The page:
Sasha (2010)

There are two distinct camps (no pun intended) within gay cinema – those catering for the ‘physical’ elements and those like Sasha, which approach from an emotional angle. Starring Sasha Kekez, Tim Bergmann and Yvonne Yung Hee, this film by writer / director Dennis Todorovic, is a realistic depiction of the confusion and heartache family restrictions and expectations can place on young people.

Sasha (Kekez) is young, handsome and an incredibly gifted pianist. He is also gay, a secret which would not go down well with his emotionally stunted immigrant family living in Cologne, Germany. However the real problem for Sasha lies, not with his suffocatingly possessive mother Stanka (Zeljka Preksavec) or homophobic father Vlado (Predrag Bjelac), but with his secret infatuation for his sexy music teacher Gebhard (Tim Bergmann). When Gebhard announces that he is leaving to take up his dream job in Vienna a distraught Sasha can contain himself no longer, and pours out his feelings to Gebhard with devastating results for all those involved.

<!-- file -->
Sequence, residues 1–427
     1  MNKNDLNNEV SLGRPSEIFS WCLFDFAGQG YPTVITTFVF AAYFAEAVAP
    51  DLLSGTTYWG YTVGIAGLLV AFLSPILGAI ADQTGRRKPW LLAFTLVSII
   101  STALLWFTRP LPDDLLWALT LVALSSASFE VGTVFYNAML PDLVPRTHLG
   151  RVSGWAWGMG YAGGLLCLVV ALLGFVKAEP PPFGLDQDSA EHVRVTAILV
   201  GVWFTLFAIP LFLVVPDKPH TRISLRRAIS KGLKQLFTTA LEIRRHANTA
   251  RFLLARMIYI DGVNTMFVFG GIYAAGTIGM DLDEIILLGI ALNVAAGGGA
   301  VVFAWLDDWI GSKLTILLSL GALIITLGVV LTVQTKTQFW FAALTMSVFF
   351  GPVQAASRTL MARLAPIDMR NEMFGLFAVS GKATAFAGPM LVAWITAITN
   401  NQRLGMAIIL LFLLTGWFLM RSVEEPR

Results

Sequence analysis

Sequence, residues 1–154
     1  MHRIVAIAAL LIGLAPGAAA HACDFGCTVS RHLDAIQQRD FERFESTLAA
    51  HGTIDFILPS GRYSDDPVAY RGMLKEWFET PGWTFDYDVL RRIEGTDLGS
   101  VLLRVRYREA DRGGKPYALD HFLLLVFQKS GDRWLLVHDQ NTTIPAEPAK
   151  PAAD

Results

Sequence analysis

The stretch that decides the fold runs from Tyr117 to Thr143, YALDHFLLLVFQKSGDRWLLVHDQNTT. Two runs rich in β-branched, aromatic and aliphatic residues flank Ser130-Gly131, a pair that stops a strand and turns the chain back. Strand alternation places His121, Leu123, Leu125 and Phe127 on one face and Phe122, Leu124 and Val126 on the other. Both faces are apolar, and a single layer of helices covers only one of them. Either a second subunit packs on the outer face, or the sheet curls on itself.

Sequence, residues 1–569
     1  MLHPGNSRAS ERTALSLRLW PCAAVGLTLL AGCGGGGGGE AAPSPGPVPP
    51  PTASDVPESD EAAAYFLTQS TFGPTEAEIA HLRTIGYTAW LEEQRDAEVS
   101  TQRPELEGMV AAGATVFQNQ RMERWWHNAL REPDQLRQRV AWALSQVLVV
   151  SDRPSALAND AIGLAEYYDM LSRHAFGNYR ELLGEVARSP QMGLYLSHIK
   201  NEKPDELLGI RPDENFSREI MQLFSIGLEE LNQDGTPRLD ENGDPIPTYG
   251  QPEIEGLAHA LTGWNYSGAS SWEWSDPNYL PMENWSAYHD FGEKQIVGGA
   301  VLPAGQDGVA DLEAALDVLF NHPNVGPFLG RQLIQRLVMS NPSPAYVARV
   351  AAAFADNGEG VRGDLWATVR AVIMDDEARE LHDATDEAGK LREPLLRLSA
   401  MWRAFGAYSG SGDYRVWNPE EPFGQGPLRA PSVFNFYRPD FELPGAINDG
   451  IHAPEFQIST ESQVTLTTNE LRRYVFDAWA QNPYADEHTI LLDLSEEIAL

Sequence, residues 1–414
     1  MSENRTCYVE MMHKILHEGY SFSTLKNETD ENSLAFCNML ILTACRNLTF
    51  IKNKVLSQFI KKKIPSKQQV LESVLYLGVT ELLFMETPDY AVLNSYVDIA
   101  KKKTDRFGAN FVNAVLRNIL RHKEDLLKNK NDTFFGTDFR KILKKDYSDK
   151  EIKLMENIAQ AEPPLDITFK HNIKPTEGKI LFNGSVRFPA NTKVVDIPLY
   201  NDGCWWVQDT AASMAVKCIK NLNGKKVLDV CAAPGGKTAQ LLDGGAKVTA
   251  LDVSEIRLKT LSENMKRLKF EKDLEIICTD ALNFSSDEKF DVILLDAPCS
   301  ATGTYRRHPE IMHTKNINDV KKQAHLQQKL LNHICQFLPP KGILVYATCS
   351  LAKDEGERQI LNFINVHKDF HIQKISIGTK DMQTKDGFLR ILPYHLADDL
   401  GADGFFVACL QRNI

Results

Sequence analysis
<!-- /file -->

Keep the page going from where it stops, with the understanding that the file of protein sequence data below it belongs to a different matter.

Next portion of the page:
Those who write off ‘gay films’ as an area of minority interest do so at their own risk, as they miss the likes of Sasha, a dryly funny and intensely emotional study of a young man at odds with his narrow minded family and frustrating homosexual feelings. It’s depiction of a disintegrating family – the film focuses not only on Sasha’s complex and bewildering situation, but equally on the relationship between his mother (who like many parents is exercising the shortcomings of her own career and obvious musical aspirations on her talented son) and uncultured father – is a lesson for everyone, whether gay or straight, on the importance of communication and acceptance.




There are of course the stereotypical ‘gay’ elements present (one-night stands and unrequited love and eventual camaraderie of a ‘girlfriend’), however these are thankfully never allowed to overshadow the main essence of the story, Sasha’s acceptance both by himself and his family.

Filmed against the backdrop of a dilapidated Cologne (the bohemian starkness of Gebhard’s studio would be enough to inspire anyone to produce magical music – which Sasha does, frequently), the film’s lasting memory is of the beauty of the evocative classical soundtrack which blends seamlessly with the proceedings resulting in a lush and atmospheric ode to forgiveness.

Cleaver Patterson

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